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June 19, 2018:

THE DRY RUN

Bruce Kimmel Photograph bk's notes

Well, dear readers, I am sitting here like so much fish, listening to the cool jazz sounds of vibes player Cal Tjader.  While he’s known for his Latin albums, those are actually of no interest to me.  I like his straight ahead albums and especially the ones with orchestra – for example, right now I’m listening to Several Shades of Jade, a Verve album with Lalo Schifrin charts and orchestra.  It’s cooler than cool – it’s so cool I’m wearing sunglasses whilst listening to it, and pondering a beret and goatee, that’s how cool it is. And prior to that I’d listened to Tjader’s The Prophet, with charts by Don Sebesky.  That one is just about my favorite of the Tjader albums. And unlike last night at this same time, I have been so good a boy and not really cleared my throat for several hours, despite a few urges to do so.  I simply willed myself to stop, knowing that to keep doing that undoes all the vocal resting I’ve been doing.

Earlier in the evening, I did a dry run of cueing up the tracks for the private reading, and I kind of sang along without really using my voice and that was a good thing to do.

But prior to all that, I’d had difficulty getting to sleep, although I think I slept more than I think I did, as my brain was in a loop, which sometimes happens.  I’ll focus on a song or something, and that just keeps going in a loop. And I’d had so much liquid that I kept having to get up.  Then the doorbell rang at nine-fifteen – that was Grant’s mom’s cleaning lady (and sister of she of the Evil Eye) who felt it necessary to tell me she’d had to park in the driveway because the damn film crew, despite not being allowed to, took every parking space on the entire block.  Her being parked there was something I didn’t need to know about since my intention was to sleep as late as possible.  I went back to bed and finally got up at eleven-thirty, so I’m thinking maybe I got eight hours of sleep.  I was congested and dry, but that’s been every morning.  Once up, that began to go away.  Then at around twelve-thirty I did the Costco run, my sole intention being to buy six folding chairs.  Of course they had none.  So good intentions aside, I bought some water and Diet Coke and thought I was getting out of their cheap, only my membership was due, so it ended up costing what it would have with the damn chairs they didn’t have.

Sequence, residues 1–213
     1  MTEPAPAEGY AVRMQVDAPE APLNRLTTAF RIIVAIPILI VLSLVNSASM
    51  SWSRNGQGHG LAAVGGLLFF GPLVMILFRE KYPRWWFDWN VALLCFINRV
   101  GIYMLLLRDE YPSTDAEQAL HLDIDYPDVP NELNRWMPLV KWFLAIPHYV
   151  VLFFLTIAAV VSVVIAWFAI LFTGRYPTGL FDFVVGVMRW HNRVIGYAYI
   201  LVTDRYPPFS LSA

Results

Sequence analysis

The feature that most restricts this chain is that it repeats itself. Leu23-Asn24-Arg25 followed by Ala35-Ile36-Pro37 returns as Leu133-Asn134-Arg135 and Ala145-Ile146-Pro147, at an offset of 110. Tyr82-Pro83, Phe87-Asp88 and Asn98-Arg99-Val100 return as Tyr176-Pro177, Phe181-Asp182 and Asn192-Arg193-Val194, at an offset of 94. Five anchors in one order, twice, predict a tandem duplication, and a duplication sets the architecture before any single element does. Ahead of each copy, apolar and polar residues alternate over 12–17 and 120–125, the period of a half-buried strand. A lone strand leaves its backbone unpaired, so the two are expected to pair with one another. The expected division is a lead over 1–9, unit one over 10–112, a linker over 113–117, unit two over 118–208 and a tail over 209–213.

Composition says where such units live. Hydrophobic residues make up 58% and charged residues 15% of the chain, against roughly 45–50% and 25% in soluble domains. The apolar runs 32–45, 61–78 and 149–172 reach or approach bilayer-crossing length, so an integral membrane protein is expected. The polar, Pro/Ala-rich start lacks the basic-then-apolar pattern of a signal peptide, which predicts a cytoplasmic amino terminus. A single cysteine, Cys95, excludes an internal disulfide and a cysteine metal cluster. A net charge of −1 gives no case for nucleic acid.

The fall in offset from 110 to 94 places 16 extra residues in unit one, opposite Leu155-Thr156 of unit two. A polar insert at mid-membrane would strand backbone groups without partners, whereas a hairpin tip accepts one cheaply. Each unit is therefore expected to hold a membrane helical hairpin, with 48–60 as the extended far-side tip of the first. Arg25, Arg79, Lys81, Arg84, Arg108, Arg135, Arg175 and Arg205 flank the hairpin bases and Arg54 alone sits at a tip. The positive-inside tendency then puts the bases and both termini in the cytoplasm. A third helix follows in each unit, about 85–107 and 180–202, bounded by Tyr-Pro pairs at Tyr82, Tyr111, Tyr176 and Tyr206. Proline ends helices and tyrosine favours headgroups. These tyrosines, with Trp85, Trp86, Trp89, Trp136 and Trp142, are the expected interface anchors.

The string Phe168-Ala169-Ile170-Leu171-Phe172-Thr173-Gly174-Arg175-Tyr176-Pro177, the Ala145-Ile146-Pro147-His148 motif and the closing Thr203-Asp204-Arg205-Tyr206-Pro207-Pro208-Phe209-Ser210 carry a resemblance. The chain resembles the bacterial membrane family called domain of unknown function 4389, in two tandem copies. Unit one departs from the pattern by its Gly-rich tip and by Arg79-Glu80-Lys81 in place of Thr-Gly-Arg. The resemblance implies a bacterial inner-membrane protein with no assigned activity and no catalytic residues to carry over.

Then I went and picked up no packages, after which I had some chicken soup and a chicken salad sandwich, both good and filling, too.  Then I came home.  I’d also gotten what I thought were ten of the little square boxes of tissues, but they weren’t that at all, they were the long boxes, which are of no use to me, so today I need to go buy the square boxes.  I had a box of eight square boxes in my cart until I saw the ten and that seemed a better deal – and it was completely impossible to tell they weren’t square.